Metastable innershell molecular state (MIMS) is a class of ultra-high-energy short-lived molecules have the binding energy up to 1,000 times as large and the bond length down to 1/100th of what can be found in typical molecules.
The inner-shell-bound metastable quasimolecules were proposed to exist in the X-ray generating scattering process since the work by Mott in the 1930s. The existence of high energy quasimolecules in highly compressed matter (or strongly coupled plasma) was theoretically predicted in the ab initioab initio quantum calculation by Younger et al. in the late 1980s. In 2008, from the result obtained by Mueller, Rafelski and Greiner for quasimolecules in atomic collisions at high impact velocity, Winterberg predicted the existence of inner-shell-bound metastable keV molecules under high pressure and their use for the ignition of thermonuclear reactions. Metastable Innershell Molecular State (MIMS) that is homologous to the rare-gas excimers was proposed by Bae in 2008 to interpret the mysterious anomalous X-ray signals observed by Bae and his colleagues at Brookhaven National Lab (BNL) in the 1990s. For more details, refer to the last section of this article, "Other models for inner-shell-bound molecules."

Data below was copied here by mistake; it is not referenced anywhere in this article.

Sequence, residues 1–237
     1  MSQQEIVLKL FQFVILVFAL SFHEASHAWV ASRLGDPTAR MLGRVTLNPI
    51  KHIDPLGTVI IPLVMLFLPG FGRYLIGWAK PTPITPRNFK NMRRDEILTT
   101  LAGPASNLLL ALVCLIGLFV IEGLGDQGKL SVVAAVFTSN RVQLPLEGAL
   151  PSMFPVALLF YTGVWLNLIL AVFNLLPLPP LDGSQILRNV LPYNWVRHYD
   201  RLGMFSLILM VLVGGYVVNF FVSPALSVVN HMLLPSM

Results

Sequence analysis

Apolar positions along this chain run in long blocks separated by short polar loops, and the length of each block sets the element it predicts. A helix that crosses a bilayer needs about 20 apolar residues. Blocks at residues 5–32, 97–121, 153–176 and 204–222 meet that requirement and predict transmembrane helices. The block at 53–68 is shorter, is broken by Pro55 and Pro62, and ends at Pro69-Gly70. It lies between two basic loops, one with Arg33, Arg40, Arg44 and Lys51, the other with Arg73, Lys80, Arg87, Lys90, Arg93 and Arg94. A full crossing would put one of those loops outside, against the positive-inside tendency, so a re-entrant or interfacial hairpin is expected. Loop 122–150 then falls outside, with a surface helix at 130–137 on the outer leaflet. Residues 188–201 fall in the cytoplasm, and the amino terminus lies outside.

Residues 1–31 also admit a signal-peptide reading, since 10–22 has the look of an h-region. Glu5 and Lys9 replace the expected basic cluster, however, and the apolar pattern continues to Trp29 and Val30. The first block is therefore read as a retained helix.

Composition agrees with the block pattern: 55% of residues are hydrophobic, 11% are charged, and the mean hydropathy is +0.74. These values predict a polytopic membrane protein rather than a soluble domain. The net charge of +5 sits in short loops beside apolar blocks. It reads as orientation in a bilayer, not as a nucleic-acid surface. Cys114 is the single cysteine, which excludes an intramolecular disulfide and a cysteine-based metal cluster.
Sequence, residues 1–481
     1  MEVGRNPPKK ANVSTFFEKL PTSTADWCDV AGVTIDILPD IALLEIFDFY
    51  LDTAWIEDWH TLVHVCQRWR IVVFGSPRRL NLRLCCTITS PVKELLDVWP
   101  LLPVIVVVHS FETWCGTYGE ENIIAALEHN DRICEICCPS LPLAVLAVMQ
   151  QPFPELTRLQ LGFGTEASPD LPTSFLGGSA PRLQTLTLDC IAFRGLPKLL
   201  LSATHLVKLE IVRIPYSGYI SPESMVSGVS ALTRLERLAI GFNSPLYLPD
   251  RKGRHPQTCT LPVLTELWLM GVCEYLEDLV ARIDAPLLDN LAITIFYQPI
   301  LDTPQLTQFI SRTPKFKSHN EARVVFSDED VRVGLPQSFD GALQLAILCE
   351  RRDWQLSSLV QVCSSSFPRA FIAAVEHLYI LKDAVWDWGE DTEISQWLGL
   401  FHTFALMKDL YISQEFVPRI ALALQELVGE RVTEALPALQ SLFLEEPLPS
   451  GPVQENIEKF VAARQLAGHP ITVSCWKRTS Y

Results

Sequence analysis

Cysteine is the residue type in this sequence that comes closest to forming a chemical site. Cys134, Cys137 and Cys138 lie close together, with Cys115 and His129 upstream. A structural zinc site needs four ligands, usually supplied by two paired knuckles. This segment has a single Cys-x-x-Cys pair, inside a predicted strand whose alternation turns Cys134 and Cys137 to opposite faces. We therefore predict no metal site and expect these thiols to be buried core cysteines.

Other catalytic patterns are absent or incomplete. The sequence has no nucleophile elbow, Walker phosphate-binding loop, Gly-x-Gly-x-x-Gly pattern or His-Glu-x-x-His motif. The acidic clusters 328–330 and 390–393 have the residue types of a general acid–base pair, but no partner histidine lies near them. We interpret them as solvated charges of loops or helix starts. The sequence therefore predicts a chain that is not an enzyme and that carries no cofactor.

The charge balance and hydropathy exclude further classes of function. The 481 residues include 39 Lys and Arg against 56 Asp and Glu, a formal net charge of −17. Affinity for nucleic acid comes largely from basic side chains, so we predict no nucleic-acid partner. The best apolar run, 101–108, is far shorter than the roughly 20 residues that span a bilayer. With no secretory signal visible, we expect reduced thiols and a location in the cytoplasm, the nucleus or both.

MIMS is formed by inner-shell electrons that are normally resistant to molecular formation. However, in stellar conditions, the inner-shell electrons become reactive to form molecular structures (MIMS) from combinations of all elements in the periodic tableperiodic table.
No more activity to show.